Every parent does it--transfers customs from their childhood or culture on to their kids. The problem is, some of the more old-school traditions just don't fly in this day and age and some of the very culture-specific ones also don't translate in to the general public.

Having grown up in a pretty traditional Hispanic family, I know firsthand what this is like. My parents, who were born and spent the first two decades of their lives in El Salvador, would established habits in our household that were super Latino…which my sister and I didn't even truly realize until they were either mortifyingly pointed out to us or we somehow came to the conclusion on our own once we were older.

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It's not that my parents meant to do this (or even realized they were) or that my sister and I were embarrassed of our background, but when you're a young kid, being asked what the heck you're doing (or saying or eating) is like the end-all, be-all of humiliation. Now, of course, we all look back on those silly incidents and laugh--which is exactly why I thought they were worth sharing! So without further ado, here are 6 super Latino habits you didn't even realize you were imposing on your kids:

  1. Eating beans anywhere at any given time of the day. My mom used to send my sister to school with beans as part of her lunch. This, of course, would make all the other kid's noses wrinkle in disgust and say "Ewww, what are you eating?!"…which in turn would cause my poor dear sis endless embarrassment.  After a few incidents with her coming home from school and wailing about the same story, Mom started sticking to turkey sandwiches--a habit that luckily remained throughout my time at school. Not that it makes a difference now…I love beans. I'm probably eating them as you read this.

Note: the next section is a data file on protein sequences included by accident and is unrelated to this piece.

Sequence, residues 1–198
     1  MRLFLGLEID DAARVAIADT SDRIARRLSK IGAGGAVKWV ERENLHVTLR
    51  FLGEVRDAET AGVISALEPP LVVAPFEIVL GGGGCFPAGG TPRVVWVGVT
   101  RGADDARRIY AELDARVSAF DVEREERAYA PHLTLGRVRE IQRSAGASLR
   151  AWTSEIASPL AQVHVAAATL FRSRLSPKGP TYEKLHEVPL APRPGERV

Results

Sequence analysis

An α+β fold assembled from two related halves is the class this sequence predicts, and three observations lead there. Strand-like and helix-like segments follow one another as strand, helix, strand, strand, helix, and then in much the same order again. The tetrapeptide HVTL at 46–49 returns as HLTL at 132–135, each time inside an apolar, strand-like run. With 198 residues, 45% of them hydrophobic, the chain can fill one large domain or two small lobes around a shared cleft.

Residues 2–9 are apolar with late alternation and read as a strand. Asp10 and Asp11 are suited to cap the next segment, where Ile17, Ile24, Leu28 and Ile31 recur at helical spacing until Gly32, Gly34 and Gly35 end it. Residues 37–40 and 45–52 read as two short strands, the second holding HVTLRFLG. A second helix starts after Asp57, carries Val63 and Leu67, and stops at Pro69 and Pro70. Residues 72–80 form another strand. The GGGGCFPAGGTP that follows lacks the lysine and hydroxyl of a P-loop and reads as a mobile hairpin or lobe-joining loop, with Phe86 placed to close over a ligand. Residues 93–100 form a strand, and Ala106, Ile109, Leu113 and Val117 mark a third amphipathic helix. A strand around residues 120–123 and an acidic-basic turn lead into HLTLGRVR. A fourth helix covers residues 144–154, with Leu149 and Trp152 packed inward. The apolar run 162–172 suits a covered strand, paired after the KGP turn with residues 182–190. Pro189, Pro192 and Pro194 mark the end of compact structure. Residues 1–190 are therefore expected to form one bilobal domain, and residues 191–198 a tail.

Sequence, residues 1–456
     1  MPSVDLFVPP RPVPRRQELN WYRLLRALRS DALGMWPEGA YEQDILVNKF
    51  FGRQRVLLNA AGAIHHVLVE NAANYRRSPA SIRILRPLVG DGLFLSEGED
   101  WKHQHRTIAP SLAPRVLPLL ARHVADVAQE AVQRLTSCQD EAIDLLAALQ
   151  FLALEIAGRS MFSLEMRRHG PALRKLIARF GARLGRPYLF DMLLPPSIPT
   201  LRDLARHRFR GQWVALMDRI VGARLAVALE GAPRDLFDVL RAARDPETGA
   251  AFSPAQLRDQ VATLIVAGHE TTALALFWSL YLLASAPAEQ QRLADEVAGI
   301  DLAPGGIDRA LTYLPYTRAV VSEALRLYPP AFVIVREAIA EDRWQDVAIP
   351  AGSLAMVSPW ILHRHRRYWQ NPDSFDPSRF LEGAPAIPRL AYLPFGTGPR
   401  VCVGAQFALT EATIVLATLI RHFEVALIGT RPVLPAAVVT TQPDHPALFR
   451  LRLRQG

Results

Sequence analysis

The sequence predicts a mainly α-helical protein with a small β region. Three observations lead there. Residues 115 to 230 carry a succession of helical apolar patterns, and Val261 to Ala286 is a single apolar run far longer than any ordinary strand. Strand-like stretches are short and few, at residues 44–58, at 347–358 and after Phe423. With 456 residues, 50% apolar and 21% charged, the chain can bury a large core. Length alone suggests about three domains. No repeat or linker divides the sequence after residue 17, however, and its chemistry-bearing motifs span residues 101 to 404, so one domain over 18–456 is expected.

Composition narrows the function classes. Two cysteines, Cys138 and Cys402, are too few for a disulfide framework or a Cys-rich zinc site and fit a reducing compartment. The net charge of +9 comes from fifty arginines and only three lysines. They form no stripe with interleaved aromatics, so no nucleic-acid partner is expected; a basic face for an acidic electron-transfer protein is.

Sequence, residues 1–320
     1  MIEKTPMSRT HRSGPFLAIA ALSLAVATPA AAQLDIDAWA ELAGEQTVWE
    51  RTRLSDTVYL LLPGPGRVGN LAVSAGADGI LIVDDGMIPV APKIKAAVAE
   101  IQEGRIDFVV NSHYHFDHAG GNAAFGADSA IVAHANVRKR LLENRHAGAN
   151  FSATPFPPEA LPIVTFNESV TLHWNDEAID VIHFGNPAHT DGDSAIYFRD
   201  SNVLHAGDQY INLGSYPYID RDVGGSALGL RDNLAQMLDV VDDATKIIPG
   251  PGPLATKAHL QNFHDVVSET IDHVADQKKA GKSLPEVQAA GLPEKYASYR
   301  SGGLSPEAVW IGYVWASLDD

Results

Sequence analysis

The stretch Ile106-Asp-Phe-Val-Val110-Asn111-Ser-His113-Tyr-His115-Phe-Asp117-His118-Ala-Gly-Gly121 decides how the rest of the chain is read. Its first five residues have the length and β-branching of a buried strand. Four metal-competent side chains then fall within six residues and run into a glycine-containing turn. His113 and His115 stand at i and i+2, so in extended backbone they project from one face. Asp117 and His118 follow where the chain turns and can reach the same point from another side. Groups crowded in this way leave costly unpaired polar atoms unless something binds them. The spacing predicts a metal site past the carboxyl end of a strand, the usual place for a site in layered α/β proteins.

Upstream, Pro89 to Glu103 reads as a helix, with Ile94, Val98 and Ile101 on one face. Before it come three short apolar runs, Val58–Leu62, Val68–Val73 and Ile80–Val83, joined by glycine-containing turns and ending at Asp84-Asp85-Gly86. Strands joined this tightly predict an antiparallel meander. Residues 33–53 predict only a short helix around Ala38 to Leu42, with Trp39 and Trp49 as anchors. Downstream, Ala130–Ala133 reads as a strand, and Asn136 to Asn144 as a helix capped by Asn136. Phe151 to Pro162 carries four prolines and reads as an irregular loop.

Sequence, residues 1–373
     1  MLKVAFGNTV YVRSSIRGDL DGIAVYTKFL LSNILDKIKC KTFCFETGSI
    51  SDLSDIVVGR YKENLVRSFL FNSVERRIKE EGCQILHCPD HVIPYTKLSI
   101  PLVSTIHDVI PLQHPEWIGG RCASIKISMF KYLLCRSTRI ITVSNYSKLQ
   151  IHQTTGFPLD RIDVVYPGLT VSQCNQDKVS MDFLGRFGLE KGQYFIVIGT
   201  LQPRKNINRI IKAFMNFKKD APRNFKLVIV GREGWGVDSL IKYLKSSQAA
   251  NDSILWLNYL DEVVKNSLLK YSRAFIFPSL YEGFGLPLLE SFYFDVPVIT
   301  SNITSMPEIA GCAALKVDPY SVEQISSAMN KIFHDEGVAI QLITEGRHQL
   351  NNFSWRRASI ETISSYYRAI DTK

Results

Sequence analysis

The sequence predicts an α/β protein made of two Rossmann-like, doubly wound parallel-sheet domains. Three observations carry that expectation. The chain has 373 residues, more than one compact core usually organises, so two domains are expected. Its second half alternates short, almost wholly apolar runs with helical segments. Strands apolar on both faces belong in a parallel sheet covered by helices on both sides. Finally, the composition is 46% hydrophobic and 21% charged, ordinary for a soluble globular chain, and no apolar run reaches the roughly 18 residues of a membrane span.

2. Saying certain words only in Spanish.  Early on, my parents probably just did this because they didn't know or were unsure of the right way to say particular phrases in English, but it became a habit which was then passed on to me. For the first few years of my life, I thought the only way to describe someone being bratty and temperamental was by calling them "caprichoso."
  3. Saying certain English words with a strong Spanish accent. My parents used to roll their "r's" in funny places, which I would obviously then do too. On the upside, while I was discovering that this wasn't an altogether normal habit, I also discovered that rolling your tongue is actually not something most people can do. Yay for random, obscure and mostly useless talents! 
  4. Starting a sentence in English and ending in Spanish or vice versa. Do you understand lo que estoy diciendo? Como que you don't get it?
  5. Assuming that every family party has enough people to form a small marching band, enough food to provide a family of 5 for several weeks, and enough alcohol to knock out at least three 200+lb men. Actually, I still don't understand why that isn't always the case.
  6. Assuming every mom is an amazing cook that can stir up an amazing dinner at any moment's notice. Without a recipe.  You could give my mother a shoebox and she'd find a way to make into a delicious meal. My abuela is an incredibly gifted baker and my aunts also all have specialty dishes. When it comes time for a dinner or a reunion, they all split cooking duties. How was I supposed to know every kid wasn't as lucky?!

What cultural habits are you passing on to your kids? Tell us in the comments below!

Image via tiny banquette committee/flickr

About the author

Michelle Regalado is a Staff Writer at MamásLatinas. She loves reading, travel, pop culture, and writing about anything and everything.

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Very funny!! I still get strange looks when I start my morning with refried beans on toast. What?! It's better than peanut butter. :0)
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